Texas resident, Keith Geissler, contacted the Better Business Bureau when he found that his ATRIX 4G was only pushing around 300kbps up the tube instead of the expected 5.5mbps.
The ATRIX is a HSUPA-capable device, and we currently are performing the testing and preparations necessary to ensure that, when we turn this feature on, you will continue to have a world class experience.
AT&T hasn’t quite gotten their act together as quick as they had hoped with this one. Sometimes the real answer is that these systems are technically the bleeding edge, and it’s not some conspiracy to keep you from achieving your top speeds on the wireless internet. Here’s a little help discerning the technical specs from behind the marketing malarkey surrounding the wireless broadband available on the market.
3G, 4G, LTE, HSPA, WiMax
I could go into a Wikipedia-esque discussion of all of the various mobile data standards since the dawn of mobile data standards, but I’d rather not. I’m going to focus on disambiguation of a few of these key terms and let you know what you really need to know. If you haven’t heard of LTE, HSPA, or WiMax before, don’t be alarmed. They’re just protocols to govern wireless and mobile data transmission. They set standards so that your device can talk to any similarly equipped cellular tower
It makes it easier that these technologies are already cleanly divided along service provider lines. LTE has been deployed in the US by Verizon and MetroPCS. WiMax is the realm of Clearwire and Sprint. AT&TMo are known to use HSPA to provide their broadband. Of course these lines are shifting with the shakeups going on in the market, but that’s how things are currently arrayed.
What is HSUPA? Does it make sense that it was turned off? Should we clamor for AT&T’s summary execution? HSUPA is a part of the HSPA (High Speed Packet Access) wireless telecommunications protocol. It’s the part that lets you upload quickly. The HSUPA (The U stands for Uplink) works along side HSDPA (Downlink) to provide the whole protocol, HSPA. Get it? Really, the fact that this portion of the system was delayed is not really a surprise to anyone who has ever imagined the amount of real infrastructure that goes into producing the end-user-experience we expect. Honestly, whenever a telcom rolls out an upgrade project of this magnitude, it’s hilarious if anyone doesn’t expect delays in something. HSUPA was where the slack had to be this time, no big deal. Hey, AT&T, just let us know what the deal is before we have to go to the Better Business Bureau.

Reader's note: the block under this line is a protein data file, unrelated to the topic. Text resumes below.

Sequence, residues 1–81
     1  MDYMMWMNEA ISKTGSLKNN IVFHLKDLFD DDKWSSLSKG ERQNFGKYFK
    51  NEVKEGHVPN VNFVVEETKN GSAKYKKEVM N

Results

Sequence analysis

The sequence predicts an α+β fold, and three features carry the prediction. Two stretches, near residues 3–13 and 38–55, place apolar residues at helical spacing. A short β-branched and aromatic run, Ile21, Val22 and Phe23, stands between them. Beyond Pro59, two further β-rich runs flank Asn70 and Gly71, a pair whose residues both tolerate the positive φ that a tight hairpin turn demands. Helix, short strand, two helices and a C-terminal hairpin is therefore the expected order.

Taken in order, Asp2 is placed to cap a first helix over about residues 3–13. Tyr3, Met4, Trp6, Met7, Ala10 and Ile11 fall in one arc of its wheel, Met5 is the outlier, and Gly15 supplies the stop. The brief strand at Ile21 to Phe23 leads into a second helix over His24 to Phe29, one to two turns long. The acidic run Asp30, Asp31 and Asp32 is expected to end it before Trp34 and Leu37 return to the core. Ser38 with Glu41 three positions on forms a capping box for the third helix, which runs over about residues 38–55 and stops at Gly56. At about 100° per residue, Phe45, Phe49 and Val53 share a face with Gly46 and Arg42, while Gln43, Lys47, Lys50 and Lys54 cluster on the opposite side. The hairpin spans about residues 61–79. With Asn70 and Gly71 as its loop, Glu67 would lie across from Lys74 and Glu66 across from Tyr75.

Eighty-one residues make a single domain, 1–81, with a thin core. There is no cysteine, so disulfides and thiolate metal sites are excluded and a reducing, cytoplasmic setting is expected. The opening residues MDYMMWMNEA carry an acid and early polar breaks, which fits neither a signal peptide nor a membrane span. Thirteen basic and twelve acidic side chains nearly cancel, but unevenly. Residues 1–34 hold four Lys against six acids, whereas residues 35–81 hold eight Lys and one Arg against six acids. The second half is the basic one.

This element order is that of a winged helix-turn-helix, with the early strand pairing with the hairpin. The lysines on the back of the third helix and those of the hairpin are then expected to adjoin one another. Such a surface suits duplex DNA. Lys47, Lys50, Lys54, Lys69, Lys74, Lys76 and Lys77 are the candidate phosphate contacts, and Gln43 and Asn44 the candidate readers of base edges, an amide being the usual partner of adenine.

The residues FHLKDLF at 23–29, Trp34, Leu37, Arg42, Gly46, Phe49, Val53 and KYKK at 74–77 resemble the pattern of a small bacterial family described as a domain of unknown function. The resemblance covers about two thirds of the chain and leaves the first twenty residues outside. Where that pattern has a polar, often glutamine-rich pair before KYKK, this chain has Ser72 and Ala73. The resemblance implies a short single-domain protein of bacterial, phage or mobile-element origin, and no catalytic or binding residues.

What’s up with all of these G’s? How many G’s do I need again?
The G designation on all of these various technologies is a generational marker by the International Telecommunications Union (ITU). Most smartphone users are more than happy with their current 3G connection. It allows for mobile e-mail browsing, web-surfing, and some amount of streaming video. I’ve enjoyed Netflix on my iPhone with no hiccups. With all that the 3G is able to deliver, it’s still all about the 4G. Or if you’re not into the whole brevity thing, the 4th Generation of Mobile Telephony Standards. None of the technologies available on the market can currently hang with the ITU’s 4G requirements. The ITU set “peak speed requirements for 4G service at 100 Megabits per second for high mobility communication (such as from trains and cars) and 1 Gbps for low mobility communication (such as pedestrians and stationary users).”
LTE vs WiMax vs HSPA
WiMax and LTE are standards that come from different organizational origins. WiMax comes from the side of the IEEE, known for bringing you the collection of standards we dub Wi-Fi. This standard Wi-Fi connection is governed by a set of protocols collectively known as 802.11. WiMax is governed by a set of protocols collectively known as 802.16. LTE is a product of the Third Generation Partnership Project (3GPP), spawned from the international GSM standard. “Work on LTE has been going on since 2004, building on the GSM/UMTS family of standards that dates from 1990”
My friend, Robert Evans, recently sang of the death of WiMax. The standard has had a good run of it since they’ve had NTT DoCoMo of Japan coming after it since 2004. What? You don’t remember when NTT DoCoMo called for LTE or Long Term Evolution, to become the international standard for wireless communication? Neither did I. Even with six years in the making, the long term goals of LTE have not yet been made manifest, as the standard is still considered to be a third generation communication technology as it’s currently deployed. Full fourth generation wireless transmissions will be coming out this year with specifications like the LTE Advanced.
We will continue to see increased transmission speeds and decreased latency via wireless over the next few years, regardless of the protocol in which the packets are scribed.
Read more about what’s going on with your wireless at Android Community.
[via Gadget Lab]